A century ago this month, two unique royal weddings were held in London. The first transformed a princess-turned-lady back into a princess—and the second, which we’re discussing today, did exactly the opposite!
To set the stage for today’s royal wedding flashback, we need a quick catch-up on the family of King George V’s sister, the Princess Royal. Princess Louise, the eldest of the three daughters of King Edward VII and Queen Alexandra, married Alexander Duff, the 1st Duke of Fife, in July 1889. Alexander was eighteen years older than Louise, and he had a less than savory personal reputation before their marriage, but the union seems to have been a happy one regardless.
The couple had two surviving children, Lady Alexandra (born in 1891) and Lady Maud (born in 1893). When Louise’s father made her Princess Royal in 1905, he also upgraded her daughters’ titles, making them HH Princess Alexandra and HH Princess Maud. The young princesses often accompanied their parents on grand royal occasions, attending important moments like the state funeral of their grandfather, King Edward VII, and the coronation of their uncle, King George V. Princess Maud made her formal debut at court in 1911. But for the most part, they spent their days at Mar Lodge in Scotland, or traveling abroad with their parents.
One of those family trips, in December 1911, sadly turned to tragedy. While sailing aboard the SS Delhi en route to Egypt, where they were planning to spend the winter, the Fife family found themselves in the midst of a sudden storm at the entrance to the Strait of Gibraltar. The liner ran aground near Cape Spartel on the Moroccan coast. The lifeboat that was ferrying the Fifes to shore took on water and sank, sending all four of the family members into the chilly water. All were rescued, but the 62-year-old Duke of Fife eventually developed pleurisy after the ordeal. He died in Egypt in January 1912.
The death of the Duke was an incredible blow to the family, and even more changes were lurking on the horizon. Maud’s sister, Princess Alexandra, inherited her father’s title, becoming the 2nd Duchess of Fife. In October 1913, Alexandra married one of their cousins, Prince Arthur of Connaught. During the war years that followed, Princess Maud resided both in Scotland and in London with her mother in their home at 15 Portman Square. Princess Louise became rather reclusive in her widowhood, but Princess Maud remained an engaged and interested young woman. She reportedly excelled at languages, speaking both German and Italian, and was devoted to outdoor pursuits—riding, swimming, and angling especially. At one point she is said to have held the record for the largest salmon caught in the River Dee.
After the end of the war, when the regular social calendar of visits and weekends began to move more normally once more, Princess Maud’s name is regularly found among lists of those attending shooting parties in Scotland. By 1922, those lists also included another name: Lord Carnegie. Charles Alexander Bannerman Carnegie, born the same year as Princess Maud, was the eldest son of the Earl and Countess of Southesk. Tall and handsome, Charles had served with the Scots Guards during World War I. In 1917, he was tapped to serve as the aide-de-camp to the Viceroy of India, Lord Chelmsford. (Charles was briefly engaged to Chelmsford’s daughter, the Hon. Anne Thesiger, in 1919. There was much commentary in London society when Charles left his post and the engagement was broken a few months later.)
In the autumn of 1922, Charles and Maud struck up a romance in the Scottish Highlands. That September, Maud attended the Braemar Gathering with her mother. They also spent time in September and October with her uncle and aunt, King George and Queen Mary, at Balmoral Castle. Charles and Maud’s relationship developed privately, until June 10, 1923, when Buckingham Palace announced that they were engaged to be married. The Court Circular stated, “It is with great pleasure that the King announces the betrothal of his niece, Princess Maud, second daughter of the Princess Royal and the late Duke of Fife, to Lord Carnegie, captain, Scots Guards, eldest son of the Earl and Countess of Southesk, to which union his Majesty gladly gives his consent.” Hours before the announcement, Maud and Charles had lunched at Buckingham Palace with her mother and the King and Queen.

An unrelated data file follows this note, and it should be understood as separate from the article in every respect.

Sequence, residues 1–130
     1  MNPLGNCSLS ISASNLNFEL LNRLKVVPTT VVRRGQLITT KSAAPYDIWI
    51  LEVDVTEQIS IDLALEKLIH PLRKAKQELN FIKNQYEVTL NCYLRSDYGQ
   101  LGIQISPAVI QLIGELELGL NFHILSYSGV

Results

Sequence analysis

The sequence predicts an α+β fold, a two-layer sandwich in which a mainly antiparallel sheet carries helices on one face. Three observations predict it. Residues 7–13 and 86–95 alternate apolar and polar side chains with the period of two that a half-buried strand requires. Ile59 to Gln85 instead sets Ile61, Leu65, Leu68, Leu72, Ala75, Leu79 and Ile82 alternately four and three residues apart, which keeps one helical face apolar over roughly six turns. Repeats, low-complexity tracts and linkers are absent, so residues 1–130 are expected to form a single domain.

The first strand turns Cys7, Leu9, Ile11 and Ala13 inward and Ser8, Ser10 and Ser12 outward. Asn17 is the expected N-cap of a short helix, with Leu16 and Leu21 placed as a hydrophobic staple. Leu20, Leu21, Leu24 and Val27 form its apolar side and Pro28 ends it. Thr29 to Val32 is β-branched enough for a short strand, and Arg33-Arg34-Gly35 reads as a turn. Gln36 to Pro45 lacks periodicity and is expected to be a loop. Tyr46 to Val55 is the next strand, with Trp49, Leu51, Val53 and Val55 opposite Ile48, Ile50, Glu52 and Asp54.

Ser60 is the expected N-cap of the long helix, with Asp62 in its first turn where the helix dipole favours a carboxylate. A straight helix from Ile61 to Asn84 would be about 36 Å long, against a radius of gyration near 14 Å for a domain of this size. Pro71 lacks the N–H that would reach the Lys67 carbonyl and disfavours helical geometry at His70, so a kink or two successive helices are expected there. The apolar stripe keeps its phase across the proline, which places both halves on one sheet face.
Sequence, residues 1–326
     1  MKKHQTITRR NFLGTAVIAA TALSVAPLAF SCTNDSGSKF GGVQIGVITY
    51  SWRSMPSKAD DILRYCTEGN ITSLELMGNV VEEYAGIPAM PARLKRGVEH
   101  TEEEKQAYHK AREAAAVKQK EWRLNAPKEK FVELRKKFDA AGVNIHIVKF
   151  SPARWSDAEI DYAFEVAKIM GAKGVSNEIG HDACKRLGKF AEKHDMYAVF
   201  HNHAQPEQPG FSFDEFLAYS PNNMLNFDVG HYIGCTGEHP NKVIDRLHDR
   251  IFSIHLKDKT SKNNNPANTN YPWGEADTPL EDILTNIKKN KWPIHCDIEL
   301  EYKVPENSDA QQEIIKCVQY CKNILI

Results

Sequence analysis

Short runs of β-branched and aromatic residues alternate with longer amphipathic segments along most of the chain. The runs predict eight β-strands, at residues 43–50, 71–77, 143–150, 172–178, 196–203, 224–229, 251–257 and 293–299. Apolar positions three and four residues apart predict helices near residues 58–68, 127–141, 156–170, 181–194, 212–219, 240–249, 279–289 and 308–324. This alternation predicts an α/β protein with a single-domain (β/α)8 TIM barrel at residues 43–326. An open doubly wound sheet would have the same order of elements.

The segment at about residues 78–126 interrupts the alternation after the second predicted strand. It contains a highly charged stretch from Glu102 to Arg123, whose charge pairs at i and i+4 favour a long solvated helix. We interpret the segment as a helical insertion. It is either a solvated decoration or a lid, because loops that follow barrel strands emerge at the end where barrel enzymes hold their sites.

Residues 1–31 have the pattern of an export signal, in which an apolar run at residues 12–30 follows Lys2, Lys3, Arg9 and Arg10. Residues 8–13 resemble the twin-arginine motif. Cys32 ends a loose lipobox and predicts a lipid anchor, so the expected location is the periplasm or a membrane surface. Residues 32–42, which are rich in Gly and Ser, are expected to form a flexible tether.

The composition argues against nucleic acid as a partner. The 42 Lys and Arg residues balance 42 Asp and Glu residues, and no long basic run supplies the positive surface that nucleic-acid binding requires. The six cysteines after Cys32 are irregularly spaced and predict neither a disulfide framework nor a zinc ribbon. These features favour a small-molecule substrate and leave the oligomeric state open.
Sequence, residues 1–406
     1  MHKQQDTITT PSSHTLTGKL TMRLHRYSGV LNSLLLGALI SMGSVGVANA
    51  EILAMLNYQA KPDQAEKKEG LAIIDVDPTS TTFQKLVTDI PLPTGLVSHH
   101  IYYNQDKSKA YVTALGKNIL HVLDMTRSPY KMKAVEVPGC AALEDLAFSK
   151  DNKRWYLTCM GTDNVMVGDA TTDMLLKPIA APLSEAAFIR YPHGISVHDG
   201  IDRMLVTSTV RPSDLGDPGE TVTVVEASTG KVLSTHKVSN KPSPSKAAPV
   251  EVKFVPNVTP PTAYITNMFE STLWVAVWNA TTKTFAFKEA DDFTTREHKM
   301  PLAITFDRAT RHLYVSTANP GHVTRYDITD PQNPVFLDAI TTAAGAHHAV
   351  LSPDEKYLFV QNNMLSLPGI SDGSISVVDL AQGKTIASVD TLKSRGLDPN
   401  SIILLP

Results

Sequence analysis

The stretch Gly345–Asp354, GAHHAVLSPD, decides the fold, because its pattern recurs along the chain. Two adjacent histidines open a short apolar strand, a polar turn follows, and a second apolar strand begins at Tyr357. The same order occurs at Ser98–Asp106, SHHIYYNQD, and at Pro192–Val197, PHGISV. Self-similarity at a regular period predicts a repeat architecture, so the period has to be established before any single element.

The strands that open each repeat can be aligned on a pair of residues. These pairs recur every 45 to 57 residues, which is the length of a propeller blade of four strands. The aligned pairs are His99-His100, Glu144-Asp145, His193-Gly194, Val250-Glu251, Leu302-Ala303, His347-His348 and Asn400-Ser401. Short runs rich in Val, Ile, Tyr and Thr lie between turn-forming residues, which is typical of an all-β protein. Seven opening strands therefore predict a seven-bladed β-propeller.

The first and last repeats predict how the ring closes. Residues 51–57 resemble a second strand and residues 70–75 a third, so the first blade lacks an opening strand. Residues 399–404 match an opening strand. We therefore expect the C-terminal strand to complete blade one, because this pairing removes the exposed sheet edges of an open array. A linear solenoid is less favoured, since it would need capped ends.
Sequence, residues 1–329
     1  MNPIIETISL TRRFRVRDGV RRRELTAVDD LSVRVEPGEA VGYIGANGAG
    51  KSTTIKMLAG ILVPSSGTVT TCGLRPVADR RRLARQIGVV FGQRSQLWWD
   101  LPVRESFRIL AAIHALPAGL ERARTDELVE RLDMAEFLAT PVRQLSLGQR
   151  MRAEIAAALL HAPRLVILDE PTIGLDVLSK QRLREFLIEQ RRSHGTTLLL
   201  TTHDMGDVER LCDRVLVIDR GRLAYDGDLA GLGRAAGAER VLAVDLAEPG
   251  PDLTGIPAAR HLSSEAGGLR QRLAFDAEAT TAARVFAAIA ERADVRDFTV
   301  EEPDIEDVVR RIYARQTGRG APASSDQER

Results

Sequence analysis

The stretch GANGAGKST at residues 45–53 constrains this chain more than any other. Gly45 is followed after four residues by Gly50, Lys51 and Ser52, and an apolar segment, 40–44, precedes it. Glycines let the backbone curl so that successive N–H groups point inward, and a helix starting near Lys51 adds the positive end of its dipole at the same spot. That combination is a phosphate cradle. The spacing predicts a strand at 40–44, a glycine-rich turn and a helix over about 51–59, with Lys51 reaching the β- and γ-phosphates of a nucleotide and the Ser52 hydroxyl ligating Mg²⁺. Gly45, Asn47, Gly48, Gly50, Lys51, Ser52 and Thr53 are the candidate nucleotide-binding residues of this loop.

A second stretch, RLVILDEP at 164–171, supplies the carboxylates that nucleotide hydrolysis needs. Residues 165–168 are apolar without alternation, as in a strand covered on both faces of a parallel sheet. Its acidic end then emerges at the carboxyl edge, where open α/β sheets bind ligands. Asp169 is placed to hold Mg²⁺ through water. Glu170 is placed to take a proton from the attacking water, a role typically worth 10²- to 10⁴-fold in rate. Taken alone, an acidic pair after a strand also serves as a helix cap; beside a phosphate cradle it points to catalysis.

Preparations for a royal wedding began immediately. By this time, Buckingham Palace was more than experienced. Princess Mary had wed Lord Lascelles in February 1922, and the Duke and Duchess of York had married in April 1923. That summer, the palace was also coordinating with the Swedish royal court to plan the upcoming nuptials of the Crown Prince of Sweden and Lady Louise Mountbatten. As the palace machine kicked into gear, Maud and Charles headed to the studio of photographer Alexander Corbett in Baker Street to pose for engagement portraits. In August in Aberdeenshire, Maud’s new place in the Carnegie family was highlighted when she served as godmother and namesake to Charles’s baby niece, Maud Mariota, daughter of Major Arthur and Lady Katherine Bosanquet.
In September 1923, a few weeks before the wedding, Princess Maud and Lord Carnegie joined the royal family at the annual Braemar Gathering. Around the same time, a family friend unexpectedly left a major gift to the bride-to-be. Lord Farquhar, one of her late father’s closest and wealthiest friends, passed away. By the terms of his will, Maud stood to inherit £50,000—the equivalent of several million pounds in today’s money. But there was a catch. When Maud married Lord Carnegie, the legacy would be revoked and bequeathed to her new husband instead. The papers made much about the windfall that Charles would inherit on his wedding day, but they should have paused. When Farquhar’s estate went through probate, it was revealed that he was so far in debt that there was nothing left for anyone to inherit at all.
Meanwhile, the wedding date was set, and then set again. The ceremony was planned for October 15, 1923 at the Guards’ Chapel at Wellington Barracks, just steps from Buckingham Palace. (The nineteenth-century chapel was a beautiful building. Sadly, it was bombed three times during World War II. The third bombing destroyed most of the building and killed more than a hundred worshipers during a Sunday morning service. The chapel was rebuilt in the 1960s.) Almost immediately, though, the date had to be moved. Charles’s father, Lord Southesk, accidentally injured his knee seriously during a shoot. To give him time to recover, the marriage date was postponed to November 12, just nine days after the wedding of Crown Prince Gustaf and Lady Louise. Princess Maud and Lord Carnegie attended that royal wedding at the Chapel Royal, St. James’s Palace on November 3.